Financial hardship in invoicing


I’ll keep this as non-specific and vague as possible. Having worked for myself, with family, and for businesses, there are certain clients who won’t pay invoices on time. Or ever. I probably shouldn’t make this public, but I’ve generally been poor at chasing people for payment. I figure they have their reasons.

Some people are just pricks, or cheapskates, or figure they can get away with not paying. Others have tough financial decisions and decide for entirely understandable self-preservation they’ll pay bills for mortgages or touchy suppliers before their more chill ones.

But then there are others who claim financial hardship.

I can empathise. There were times, especially during family medical events, where money was tight and I couldn’t pay bills. Going to bed knowing you’re going to be getting angry people in your life is gut wrenching in a way few other experiences are.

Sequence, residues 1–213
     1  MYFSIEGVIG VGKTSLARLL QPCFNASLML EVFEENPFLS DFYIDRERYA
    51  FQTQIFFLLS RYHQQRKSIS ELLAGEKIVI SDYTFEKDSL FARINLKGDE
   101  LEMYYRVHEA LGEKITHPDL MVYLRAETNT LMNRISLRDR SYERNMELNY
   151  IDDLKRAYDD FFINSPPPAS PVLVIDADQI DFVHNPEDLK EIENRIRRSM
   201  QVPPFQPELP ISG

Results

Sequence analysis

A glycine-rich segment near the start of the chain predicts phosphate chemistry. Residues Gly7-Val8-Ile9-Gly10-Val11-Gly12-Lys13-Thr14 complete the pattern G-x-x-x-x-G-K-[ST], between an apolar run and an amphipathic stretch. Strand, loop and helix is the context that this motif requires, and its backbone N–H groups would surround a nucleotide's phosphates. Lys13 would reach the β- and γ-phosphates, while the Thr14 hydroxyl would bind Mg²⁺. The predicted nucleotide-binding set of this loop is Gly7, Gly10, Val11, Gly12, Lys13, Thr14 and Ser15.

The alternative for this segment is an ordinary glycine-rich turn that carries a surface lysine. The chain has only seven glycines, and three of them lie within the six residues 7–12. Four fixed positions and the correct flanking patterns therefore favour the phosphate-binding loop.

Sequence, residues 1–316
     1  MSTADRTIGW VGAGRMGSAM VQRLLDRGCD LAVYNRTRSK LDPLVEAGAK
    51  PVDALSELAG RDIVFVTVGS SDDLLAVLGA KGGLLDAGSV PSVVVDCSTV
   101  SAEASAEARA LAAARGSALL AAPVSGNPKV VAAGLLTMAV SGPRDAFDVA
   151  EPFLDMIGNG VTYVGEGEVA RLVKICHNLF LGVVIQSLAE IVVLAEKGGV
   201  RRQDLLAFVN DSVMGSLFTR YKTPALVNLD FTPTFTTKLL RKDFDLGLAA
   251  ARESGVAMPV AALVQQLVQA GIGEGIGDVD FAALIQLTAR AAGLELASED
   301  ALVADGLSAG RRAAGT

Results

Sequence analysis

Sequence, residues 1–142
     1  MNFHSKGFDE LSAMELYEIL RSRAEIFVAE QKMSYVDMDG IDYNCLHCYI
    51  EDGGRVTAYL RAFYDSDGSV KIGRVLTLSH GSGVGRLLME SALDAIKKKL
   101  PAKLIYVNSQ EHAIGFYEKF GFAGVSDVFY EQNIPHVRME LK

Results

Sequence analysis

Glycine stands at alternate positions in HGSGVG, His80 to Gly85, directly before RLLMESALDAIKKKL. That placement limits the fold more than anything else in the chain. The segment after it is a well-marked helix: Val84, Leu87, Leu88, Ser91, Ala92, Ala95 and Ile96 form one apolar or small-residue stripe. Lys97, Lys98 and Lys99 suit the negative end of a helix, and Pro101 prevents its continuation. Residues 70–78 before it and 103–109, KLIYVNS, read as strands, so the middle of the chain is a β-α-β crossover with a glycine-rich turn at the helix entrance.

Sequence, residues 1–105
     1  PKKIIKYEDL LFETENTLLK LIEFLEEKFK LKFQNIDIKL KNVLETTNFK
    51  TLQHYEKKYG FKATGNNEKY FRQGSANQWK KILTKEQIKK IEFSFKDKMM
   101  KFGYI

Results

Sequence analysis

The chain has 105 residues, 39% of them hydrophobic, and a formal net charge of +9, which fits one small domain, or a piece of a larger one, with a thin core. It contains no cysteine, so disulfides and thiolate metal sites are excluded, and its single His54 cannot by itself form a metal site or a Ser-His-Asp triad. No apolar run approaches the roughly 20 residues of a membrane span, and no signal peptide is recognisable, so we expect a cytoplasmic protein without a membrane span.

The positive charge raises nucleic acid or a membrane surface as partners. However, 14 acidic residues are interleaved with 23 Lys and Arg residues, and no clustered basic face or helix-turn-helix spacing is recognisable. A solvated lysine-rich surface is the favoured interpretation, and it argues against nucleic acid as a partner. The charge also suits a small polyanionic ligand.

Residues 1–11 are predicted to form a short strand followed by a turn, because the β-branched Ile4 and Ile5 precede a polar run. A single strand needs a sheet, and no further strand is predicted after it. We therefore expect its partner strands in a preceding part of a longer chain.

In those cases though, I contacted people, explained my situation, and asked if I could either delay a payment, or work out a payment plan. Almost all of them were happy to oblidge, and appreciated that I reached out before my account was overdue and they had to chase me. And for the few that weren’t, I wasn’t any worse off than before.

What I’m beginning to resent, unfortunately, are people who don’t pay for months at a time, then only claim financial hardship when you ask.

Part of that is knowing that most were outright lying to me, and using it as a stalling tactic. Having lived through those aforementioned family events, may bees nest in your armpits if you claim your partner has cancer when they don’t.

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Ruben Schade is a technical writer and infrastructure architect in Sydney, Australia who refers to himself in the third person. Hi!

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